Charlie grins and turns the ball in his hands. "So now I just kick it back to you?"

"Yeah."

Charlie boots the ball and it spins sideways off his foot and slams into the front of the house.

"Shit," Charlie says, clutching his hair. He glances nervously at James, and then laughs. "Oops."

James fetches the ball and returns to his place. "You gotta hold it like this," he says, demonstrating exactly the way Dad showed him. He kicks it again, a perfect torpedo.

"Awesome!" he crows again, just as Charlie marks it.

"So who's your team?" Charlie asks. He kicks the ball carefully. It goes straight, but hits the ground before it reaches James, and bounces in a crooked line toward the fence.

"The Blues," James says, fetching the ball. "We're gonna win the grand final."

"Oh yeah? Cool."

"Yeah." James looks down at the ball and frowns. "I wish we could go," he says longingly.

Charlie has to jump to mark his next kick. James grins proudly.

"You must miss a lot of stuff about home, huh?" Charlie asks. His next kick goes wild again, and he clucks his tongue. "Sorry," he says.

James fetches the ball from the back of the garden bed, breaking stems and branches as he reaches through the shrubs. "Yeah," he says, answering Charlie's question once he's back in his place. "I miss footy and cricket the most."

"I don't understand cricket, either," Charlie says.

James kicks the ball right to him.

"You're good at this," Charlie says, turning the Sherrin around in his hands.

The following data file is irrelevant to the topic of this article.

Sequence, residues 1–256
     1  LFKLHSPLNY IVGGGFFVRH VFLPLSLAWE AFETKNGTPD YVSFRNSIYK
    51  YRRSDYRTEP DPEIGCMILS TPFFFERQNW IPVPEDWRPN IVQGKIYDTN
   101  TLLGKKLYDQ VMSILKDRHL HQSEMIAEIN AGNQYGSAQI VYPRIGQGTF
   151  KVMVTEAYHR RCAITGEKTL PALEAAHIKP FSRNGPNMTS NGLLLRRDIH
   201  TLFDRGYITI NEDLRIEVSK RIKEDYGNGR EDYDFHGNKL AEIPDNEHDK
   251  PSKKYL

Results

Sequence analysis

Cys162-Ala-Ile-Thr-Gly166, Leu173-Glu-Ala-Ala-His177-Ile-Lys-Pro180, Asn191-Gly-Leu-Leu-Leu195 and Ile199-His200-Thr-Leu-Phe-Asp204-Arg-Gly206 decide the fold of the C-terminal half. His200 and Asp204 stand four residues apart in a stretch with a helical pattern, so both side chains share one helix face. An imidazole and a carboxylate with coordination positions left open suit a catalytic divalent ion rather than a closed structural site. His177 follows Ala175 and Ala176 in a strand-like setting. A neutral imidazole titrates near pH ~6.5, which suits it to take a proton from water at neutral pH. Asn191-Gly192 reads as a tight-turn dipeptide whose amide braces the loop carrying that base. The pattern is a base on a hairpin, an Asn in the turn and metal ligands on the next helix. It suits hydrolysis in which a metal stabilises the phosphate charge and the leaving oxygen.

"It's just practice," James says, shrugging. Inside, he glows at the praise. "I can teach you how to play cricket, too," he says. "Ben is better at it than me, but. He can bowl real good."

"You play with the Krushers, right?" Charlie asks. He punts a perfect arc with the ball, and James marks it right against his chest.

"Nope," says James. "I suck at baseball."

"Maybe I can show you how to play sometime," Charlie says, marking James' next kick perfectly.

James considers this for a minute. "I guess," he said. "I'm no good at bowling though. Pitching, I mean."

"Well, I'm not bad at it." Charlie kicks the ball back into the garden bed.

"You're rubbish at footy, though," James says.

Charlie runs at him, and James shrieks and laughs, crawling in under the shrubs against the fence. "You can't tackle me if I don't have the ball!" he cries.

Charlie's face peers at him through the leaves. "Are you making that rule up?" he asks, grinning.

"No!" James says. He pushes the ball out onto the lawn. "You can have another kick," he says.

Charlie laughs and scoops the ball up into his hands. "All right," he says. "But I'm gonna need you to show me again, I think."

James crawls out of the garden bed, dirt on his hands and knees and twigs in his hair. "No worries," he says. "How much longer does your car need to rest?"

Charlie looks across the street at his car, and then checks his watch. "Twenty minutes, I think," he says.

"Cool," James says. He holds his hands out for the ball. "That should be long enough."